Tuesday, 30 June 2015

8 Reasons Why I'm A Vegetarian

I am a supporter of anyone who eats meat in moderation and from sustainable sources but for many reasons I am not a meat eater. I have been a vegetarian since 2002 (with a couple breaks here and there) and to me it is completely normal now and not difficult at all. Which is why I was surprised when people mentioned it would be difficult to eat locally and maintain a vegetarian diet. I only eat local, organic dairy and farm fresh free range eggs because it fits with the local side of my diet so really I am a hybrid Vega-Locavore!

Friends Not Food
Here are my reasons for being a vegetarian (they have changed a bit since I was 12):
  1. Save the planet! 
    • Vegans and vegetarians cut out emissions associated with meat production, and those are big numbers! Meat consumptions comes out to about 14.5% of total co2 emissions (that's as much as all the cars on the road!) So eat less meat, make less gas, help reduce climate change, save the planet!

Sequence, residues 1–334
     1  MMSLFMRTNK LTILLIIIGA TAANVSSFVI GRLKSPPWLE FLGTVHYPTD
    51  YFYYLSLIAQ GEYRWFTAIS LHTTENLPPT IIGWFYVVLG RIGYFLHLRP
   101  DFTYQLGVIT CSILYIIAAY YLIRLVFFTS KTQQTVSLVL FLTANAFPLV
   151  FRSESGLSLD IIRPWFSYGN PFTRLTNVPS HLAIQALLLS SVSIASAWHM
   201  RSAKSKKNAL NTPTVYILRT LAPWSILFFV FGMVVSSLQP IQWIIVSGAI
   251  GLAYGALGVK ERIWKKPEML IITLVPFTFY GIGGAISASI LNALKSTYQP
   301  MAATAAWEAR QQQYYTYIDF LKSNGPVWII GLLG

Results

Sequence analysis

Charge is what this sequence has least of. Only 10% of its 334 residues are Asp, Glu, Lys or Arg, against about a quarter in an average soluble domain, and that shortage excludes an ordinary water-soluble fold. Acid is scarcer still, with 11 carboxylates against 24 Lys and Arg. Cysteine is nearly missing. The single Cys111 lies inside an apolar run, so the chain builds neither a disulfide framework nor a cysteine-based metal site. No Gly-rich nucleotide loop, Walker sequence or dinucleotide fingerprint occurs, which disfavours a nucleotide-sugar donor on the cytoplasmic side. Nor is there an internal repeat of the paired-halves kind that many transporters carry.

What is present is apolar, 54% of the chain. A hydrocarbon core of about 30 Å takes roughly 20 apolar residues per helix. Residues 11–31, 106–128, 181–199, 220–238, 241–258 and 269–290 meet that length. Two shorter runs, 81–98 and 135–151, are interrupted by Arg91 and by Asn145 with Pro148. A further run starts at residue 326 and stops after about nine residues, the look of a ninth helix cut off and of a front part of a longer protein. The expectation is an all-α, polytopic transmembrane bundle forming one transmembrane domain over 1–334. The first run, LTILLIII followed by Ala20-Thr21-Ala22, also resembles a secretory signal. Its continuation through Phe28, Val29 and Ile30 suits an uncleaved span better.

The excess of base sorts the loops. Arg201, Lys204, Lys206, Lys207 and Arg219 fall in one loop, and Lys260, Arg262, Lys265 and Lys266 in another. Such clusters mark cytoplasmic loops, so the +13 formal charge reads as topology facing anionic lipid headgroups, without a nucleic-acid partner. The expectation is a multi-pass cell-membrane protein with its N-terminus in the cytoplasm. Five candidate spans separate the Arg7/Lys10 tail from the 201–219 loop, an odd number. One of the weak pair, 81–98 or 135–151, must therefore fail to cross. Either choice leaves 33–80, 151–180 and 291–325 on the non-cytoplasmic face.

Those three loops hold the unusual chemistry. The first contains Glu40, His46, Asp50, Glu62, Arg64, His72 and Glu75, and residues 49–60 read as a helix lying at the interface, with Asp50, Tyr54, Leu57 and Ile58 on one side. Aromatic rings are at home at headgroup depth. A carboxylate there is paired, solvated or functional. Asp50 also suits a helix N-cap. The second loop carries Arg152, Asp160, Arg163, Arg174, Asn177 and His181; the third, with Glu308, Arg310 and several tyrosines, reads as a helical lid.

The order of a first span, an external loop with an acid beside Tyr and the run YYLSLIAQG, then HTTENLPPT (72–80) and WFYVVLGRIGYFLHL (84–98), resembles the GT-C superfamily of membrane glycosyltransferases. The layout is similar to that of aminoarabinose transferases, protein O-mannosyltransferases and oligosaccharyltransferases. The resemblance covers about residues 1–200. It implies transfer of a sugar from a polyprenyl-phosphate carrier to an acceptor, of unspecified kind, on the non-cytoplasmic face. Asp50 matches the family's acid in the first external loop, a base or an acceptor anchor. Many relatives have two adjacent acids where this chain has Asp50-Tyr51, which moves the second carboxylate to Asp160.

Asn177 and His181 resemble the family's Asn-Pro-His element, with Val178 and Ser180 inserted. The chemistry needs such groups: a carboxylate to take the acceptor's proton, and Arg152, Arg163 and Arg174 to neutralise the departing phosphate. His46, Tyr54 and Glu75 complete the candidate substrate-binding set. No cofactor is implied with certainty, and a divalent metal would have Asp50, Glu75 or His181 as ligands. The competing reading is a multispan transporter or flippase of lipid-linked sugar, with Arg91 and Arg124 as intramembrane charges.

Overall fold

2. I don't want to support the industrial agricultural system. 
    • That promotes meat consumption in excess and heavily processed foods. Whole foods and organics are a priority for me so a vegetarian diet makes sense. 
  3. For my health
    • Less cholesterol, less chemicals, lower in fat, less sodium, less processed....the list continues of the health benefits of plant based diets. Switching to vegetarianism can decrease your chances of heart disease, type 2 diabetes and high blood pressure in half. 
  4. Animals are my friends
  5. Pet or Meat? 
    • Why we love dogs, eat pigs and wear cows is a really interesting Ted talk you should check out if you are thinking about making the switch away from eating animals (or if you are just cool and like Ted talks).  I first became a vegetarian because of my love of animals and that aspect will always be in mind when considering food.